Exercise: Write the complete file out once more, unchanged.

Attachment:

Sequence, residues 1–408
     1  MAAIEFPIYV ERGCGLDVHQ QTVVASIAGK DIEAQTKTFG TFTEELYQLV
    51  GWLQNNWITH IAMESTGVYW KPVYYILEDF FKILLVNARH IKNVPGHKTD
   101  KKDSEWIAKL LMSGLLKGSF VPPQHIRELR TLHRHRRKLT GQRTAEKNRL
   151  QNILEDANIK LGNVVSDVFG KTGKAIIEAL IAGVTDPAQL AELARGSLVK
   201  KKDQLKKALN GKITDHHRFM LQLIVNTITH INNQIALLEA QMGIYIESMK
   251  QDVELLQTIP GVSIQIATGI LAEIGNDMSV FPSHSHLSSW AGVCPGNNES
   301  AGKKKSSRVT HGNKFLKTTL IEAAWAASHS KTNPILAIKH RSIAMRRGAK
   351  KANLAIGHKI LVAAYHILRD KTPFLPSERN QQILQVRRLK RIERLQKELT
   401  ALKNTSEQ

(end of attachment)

Sequence, residues 1–408
     1  MAAIEFPIYV ERGCGLDVHQ QTVVASIAGK DIEAQTKTFG TFTEELYQLV
    51  GWLQNNWITH IAMESTGVYW KPVYYILEDF FKILLVNARH IKNVPGHKTD
   101  KKDSEWIAKL LMSGLLKGSF VPPQHIRELR TLHRHRRKLT GQRTAEKNRL
   151  QNILEDANIK LGNVVSDVFG KTGKAIIEAL IAGVTDPAQL AELARGSLVK
   201  KKDQLKKALN GKITDHHRFM LQLIVNTITH INNQIALLEA QMGIYIESMK
   251  QDVELLQTIP GVSIQIATGI LAEIGNDMSV FPSHSHLSSW AGVCPGNNES
   301  AGKKKSSRVT HGNKFLKTTL IEAAWAASHS KTNPILAIKH RSIAMRRGAK
   351  KANLAIGHKI LVAAYHILRD KTPFLPSERN QQILQVRRLK RIERLQKELT
   401  ALKNTSEQ